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White Water, Garrapta, Big Sur

Posted by
Don Smith (California, United States) on 5 February 2010 in Landscape & Rural.

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Spring Big Sur Photo Workshop - March 29 - April 1, 2010 (Sold Out - Waiting List Only)
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Redwoods and Mendocino Coast Photo Workshop - June 15-18, 2010 (space available)
Kauai, Hawaii Photo Workshop - July 12-16, 2010 (space available)
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New Article on my Website: Balancing Images in Post Processing

Books Available for Purchase on my Website:
Refined Vision: 50 Lessons Designed to Improve Your Digital Landscape Photography (e-book and printed versions - 160 pages)
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On the Edge (printed version - softcover and hardcover - 120 pages)
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With he posting of today's image I pose the question: "How far does one push the limits of safety to get an image?" This may look somewhat calm but I assure you, my radar was up as I was standing on a rock shelf basically surrounded by ocean.

I had been working below the Whale's Back in Garrapata State Park near sunset when my originally desired composition (at an entirely different location) was simply not going to work. I told Mike Hall (Scott Schilling was also with us) that because I was in doubt, I was going to shoot towards the light (a formula that has proven successful in the past). The light, in this case, was where the sun was setting to the west. But shooting towards the light, in and of itself, is not a recipe for success unless some interesting element of the landscape is incorporated.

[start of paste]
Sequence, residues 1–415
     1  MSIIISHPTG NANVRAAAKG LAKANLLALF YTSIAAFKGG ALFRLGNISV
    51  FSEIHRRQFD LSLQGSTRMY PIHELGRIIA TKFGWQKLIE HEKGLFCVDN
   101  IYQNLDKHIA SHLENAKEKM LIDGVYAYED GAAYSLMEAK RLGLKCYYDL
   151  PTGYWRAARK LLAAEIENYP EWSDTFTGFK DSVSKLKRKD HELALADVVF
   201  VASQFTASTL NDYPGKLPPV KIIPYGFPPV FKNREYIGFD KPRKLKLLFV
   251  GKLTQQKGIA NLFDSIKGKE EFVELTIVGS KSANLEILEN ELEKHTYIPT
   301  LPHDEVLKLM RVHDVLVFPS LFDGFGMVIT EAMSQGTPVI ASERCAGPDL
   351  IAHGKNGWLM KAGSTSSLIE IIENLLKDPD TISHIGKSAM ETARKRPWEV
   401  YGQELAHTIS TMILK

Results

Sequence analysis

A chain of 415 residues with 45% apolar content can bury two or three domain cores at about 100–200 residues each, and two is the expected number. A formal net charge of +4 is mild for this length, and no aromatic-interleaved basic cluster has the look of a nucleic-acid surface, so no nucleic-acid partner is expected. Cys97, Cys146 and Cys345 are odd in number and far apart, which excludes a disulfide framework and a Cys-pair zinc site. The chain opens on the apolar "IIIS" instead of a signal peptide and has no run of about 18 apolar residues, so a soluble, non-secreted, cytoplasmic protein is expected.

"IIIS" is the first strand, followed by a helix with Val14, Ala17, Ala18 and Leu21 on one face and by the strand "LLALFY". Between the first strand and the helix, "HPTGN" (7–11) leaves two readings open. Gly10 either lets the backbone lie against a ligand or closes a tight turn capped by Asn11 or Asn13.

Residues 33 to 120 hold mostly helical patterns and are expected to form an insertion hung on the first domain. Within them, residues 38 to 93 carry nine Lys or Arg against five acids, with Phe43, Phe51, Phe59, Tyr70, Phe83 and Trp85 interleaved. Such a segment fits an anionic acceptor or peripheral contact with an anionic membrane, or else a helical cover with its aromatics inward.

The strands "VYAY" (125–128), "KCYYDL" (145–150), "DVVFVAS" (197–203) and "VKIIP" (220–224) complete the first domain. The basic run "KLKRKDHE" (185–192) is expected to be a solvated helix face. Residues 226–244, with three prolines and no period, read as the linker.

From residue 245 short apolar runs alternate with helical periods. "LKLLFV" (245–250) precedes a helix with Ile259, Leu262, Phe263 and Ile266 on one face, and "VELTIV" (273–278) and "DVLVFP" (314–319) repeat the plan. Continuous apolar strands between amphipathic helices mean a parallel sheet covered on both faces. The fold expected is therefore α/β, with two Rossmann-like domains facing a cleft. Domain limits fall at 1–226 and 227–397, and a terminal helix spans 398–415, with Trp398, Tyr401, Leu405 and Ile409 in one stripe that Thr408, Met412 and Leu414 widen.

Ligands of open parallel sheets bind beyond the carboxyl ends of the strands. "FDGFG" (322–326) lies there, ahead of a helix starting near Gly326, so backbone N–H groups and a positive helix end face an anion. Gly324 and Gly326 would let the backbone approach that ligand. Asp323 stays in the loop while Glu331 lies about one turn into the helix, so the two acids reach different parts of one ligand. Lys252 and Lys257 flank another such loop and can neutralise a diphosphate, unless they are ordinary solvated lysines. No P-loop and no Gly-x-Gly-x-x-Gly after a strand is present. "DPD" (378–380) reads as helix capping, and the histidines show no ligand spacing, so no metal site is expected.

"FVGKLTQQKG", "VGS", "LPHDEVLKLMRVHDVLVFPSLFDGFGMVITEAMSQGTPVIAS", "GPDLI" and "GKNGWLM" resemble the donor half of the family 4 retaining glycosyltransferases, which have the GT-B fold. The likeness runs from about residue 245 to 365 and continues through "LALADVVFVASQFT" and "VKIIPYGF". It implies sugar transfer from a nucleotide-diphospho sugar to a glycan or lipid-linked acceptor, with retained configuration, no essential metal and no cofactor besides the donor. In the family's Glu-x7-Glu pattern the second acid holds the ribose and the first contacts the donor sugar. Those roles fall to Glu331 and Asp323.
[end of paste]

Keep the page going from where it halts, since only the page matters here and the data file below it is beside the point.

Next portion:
What was interesting on this evening were the large waves, leftover swells from six straight days of pounding Pacific storms, which had battered California. Huge waves would form literally a couple hundred yards in front of me without warning and come pouring across this rough shelf. That peaked my interest, but was it safe? Could I make it to higher land if a mistimed waved suddenly formed?

I watched some of the largest waves and determined I could stand at the top of this one shelf where this image was captured. Though the white water makes this seem relatively shallow, I can assure you that the shelf drops off up to 20 feet on either side of me. Keeping a close eye on the size of the new waves, I would cautiously make my image, then prepare for the next set. Soon after this wave broke, which produced this dazzling white water rushing seemingly to my feet, a new wave formed that was much larger than what I had been witnessing.

My alert radar kicked into high gear and I scrambled off my perch, down the backside (where water had been enveloping) and rapidly up to high ground. After the waves began to recede a bit, I felt comfortable enough to return to my original position, but by then, the color on the horizon was fading and the show was about over.

Once returning to the headland, Mike showed me some images he had made which really showed off the height of the waves in relation to my position. Scott also told a story of a woman hiker who had been swept away off a trail by a large wave a week prior. These rocks are extremely jagged and could shred a person to bits if caught in a turbulance of water. I questioned myself on the drive home and later that night (as my wife reminded me that we had teenagers to raise) if I had taken too big of a risk.

Dynamic images take some active involvement on behalf of the photographer. I could not show the force of this ocean with a wide-angle lens standing back on the headlands. But after seeing Mike's images, I saw he did just that with a medium telephoto. Was this image worth the risk? It's nice, but it won't win an award. I'm not even sure if Getty will accept it, only time will tell. I will file this experience away and think twice the next time I want to get a little too close to an angry sea.

Canon EOS-1Ds Mark III 1/4 second F/16.0 ISO 200 24 mm

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